Monday, April 11, 2016

Decolonizing my social studies classroom (one film at a time)

In my world geography course, my students know that I have one golden rule: don't bore me, and I'll try my darndest not to bore you. Using current events alone, it's relatively easy to find a hundred bits of interesting information about other places and spaces and repackage it all in sensationalist terms. Obviously, everyone "loves" a crisis (that isn't happening to them). If you can (at worst) get students to learn a little bit about another place while talking about its problems, or (at best) help them learn to treat each new country as a separate entity with a complex narrative ... that's probably more than they'll glean from their regular diet of news headlines on Facebook trending.

But teaching history is a bit trickier.

Satirical Stereotype Map of the World (source)
First, at the secondary level, there's this inconvenient and unfortunate reality that by the end of the year, most classes never get much past the unit on WWII. Obviously, several important things have happened since then;  a lot more than can be compressed in a rushed four week treatment of American military escapades or the U.S. civil rights movement at the end of term. But, more importantly, when the lens is moved slightly outward from the center of North America, the same period of history is suddenly revealed to be an era of rapid globalization and decolonization, of an increasingly industrializing and democratizing global south, of countless multipolar tectonic shifts that cannot be tamed or explained by the stubby historical measuring stick of the Cold War. Ironically, this temporally cramped, myopic focus on robust American political and cultural activities during the same period paints a picture that is in itself protectionist, de-globalizing, and re-colonizing. So, right, exactly the opposite of the emerging global reality. And worst of all ... it's boring.

How can one expect American students to be interested in a world that is defined only in relationship to perceived U.S. wins or losses? Yes, at first glance, this may *seem* the best way to make a foreign culture relevant to a person firmly planted in their home culture, but this is really the pedagogical equivalent of a person feigning public interest in a romantic partner who apparently has no other life outside the romance. Sure, the chemistry might be there, the power dynamics might be exciting, but what are you going to talk about afterward? The weather?

Literally the first result when you search the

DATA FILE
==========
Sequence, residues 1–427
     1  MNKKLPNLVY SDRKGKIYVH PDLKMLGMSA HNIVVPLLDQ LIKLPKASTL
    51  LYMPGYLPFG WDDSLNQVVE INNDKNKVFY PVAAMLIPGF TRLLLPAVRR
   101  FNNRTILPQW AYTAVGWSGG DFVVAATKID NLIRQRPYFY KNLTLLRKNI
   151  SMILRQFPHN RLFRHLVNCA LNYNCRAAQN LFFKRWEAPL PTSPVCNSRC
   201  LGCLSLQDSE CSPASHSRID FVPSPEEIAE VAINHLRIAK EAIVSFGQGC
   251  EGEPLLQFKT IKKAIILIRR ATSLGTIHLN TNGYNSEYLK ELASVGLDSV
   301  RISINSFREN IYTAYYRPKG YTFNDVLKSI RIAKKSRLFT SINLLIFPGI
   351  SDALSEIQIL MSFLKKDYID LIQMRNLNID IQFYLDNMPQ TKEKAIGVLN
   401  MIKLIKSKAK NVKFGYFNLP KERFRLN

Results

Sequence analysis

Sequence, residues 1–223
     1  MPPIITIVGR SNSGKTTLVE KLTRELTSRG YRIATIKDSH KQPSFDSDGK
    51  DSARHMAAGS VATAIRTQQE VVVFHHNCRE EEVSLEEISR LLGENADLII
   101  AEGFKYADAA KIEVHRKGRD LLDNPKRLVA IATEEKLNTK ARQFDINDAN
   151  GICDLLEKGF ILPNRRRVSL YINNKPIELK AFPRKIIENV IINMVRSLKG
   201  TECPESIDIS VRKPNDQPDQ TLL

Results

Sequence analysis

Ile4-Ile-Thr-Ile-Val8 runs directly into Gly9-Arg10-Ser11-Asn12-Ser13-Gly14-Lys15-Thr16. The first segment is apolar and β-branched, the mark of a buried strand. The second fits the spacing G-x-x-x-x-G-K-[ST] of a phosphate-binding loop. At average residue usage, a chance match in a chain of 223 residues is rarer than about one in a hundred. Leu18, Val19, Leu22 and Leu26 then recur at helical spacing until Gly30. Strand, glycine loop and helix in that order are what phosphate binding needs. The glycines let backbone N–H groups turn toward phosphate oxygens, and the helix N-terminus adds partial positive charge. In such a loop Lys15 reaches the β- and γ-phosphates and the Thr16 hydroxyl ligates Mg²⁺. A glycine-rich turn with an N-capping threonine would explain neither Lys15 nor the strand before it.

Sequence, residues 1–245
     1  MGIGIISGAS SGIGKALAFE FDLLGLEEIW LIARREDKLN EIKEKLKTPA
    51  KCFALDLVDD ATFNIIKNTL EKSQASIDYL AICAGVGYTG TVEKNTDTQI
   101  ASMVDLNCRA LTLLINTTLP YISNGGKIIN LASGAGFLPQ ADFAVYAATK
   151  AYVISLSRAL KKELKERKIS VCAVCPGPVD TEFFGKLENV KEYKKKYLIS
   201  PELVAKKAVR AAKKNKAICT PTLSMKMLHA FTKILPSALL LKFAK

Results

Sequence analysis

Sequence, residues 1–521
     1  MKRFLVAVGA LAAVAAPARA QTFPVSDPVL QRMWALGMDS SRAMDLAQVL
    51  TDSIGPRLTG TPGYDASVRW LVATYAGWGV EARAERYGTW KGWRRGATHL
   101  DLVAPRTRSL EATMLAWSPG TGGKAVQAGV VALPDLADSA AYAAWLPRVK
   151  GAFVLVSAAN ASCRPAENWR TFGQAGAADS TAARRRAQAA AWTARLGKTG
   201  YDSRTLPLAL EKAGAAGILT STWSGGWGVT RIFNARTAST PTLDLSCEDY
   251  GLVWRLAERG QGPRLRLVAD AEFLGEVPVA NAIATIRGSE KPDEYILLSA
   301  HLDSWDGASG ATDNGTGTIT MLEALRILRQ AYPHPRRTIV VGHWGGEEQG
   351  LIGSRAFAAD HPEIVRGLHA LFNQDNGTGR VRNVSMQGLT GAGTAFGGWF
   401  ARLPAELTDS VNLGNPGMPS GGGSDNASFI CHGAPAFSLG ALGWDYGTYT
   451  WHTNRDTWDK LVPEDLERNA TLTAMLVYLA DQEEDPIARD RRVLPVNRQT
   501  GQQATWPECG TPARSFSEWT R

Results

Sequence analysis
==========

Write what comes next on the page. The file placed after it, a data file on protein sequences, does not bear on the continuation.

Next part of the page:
year 1963 on Google Images (source)
Furthermore, learning about JFK's assassination for the umpteenth time may be useful in civics class, but it's the height of folly to assume that (A) students will still care at that point of mindless repetition, and (B) that this one, single, event in American history is more important to talk about than other events happening the same year everywhere else.

For example, three far-reaching events that also occurred in 1963:  

*Josip Broz Tito named President for Life in Yugoslavia

*Police raids in South Africa capture numerous African National Congress leaders, including Nelson Mandela

*The first Bond film, "Dr. No" is released in the U.S.

But, why should students be interested in these events any more than the death of a president they never knew?

For some, it's enough to draw the cause and effect connections across the temporal landscape:

1. Tito remained in a sort of benevolent dictatorial power until his death in 1980. His demise is generally considered the beginning of the process of Balkan fragmentation and the rise of ethnic nationalism that generated the Balkan wars of the 1990s.

Source:
2. Mandela remained imprisoned for the next 27 years, the ANC went further underground (and out of SA entirely), and eventually emerged as the primary negotiating partner in the development of the new post-Apartheid constitution in 1993. Of course, though it's maintained its majority representation in the South African parliament, and remains for many the party of Black liberation and Mandela, the ANC has been constantly beset by corruption and legal charges against its most prominent representatives in the last 15 years--most recently--with the accusations of state capture and the constitutional court ruling against the current president, Jacob Zuma.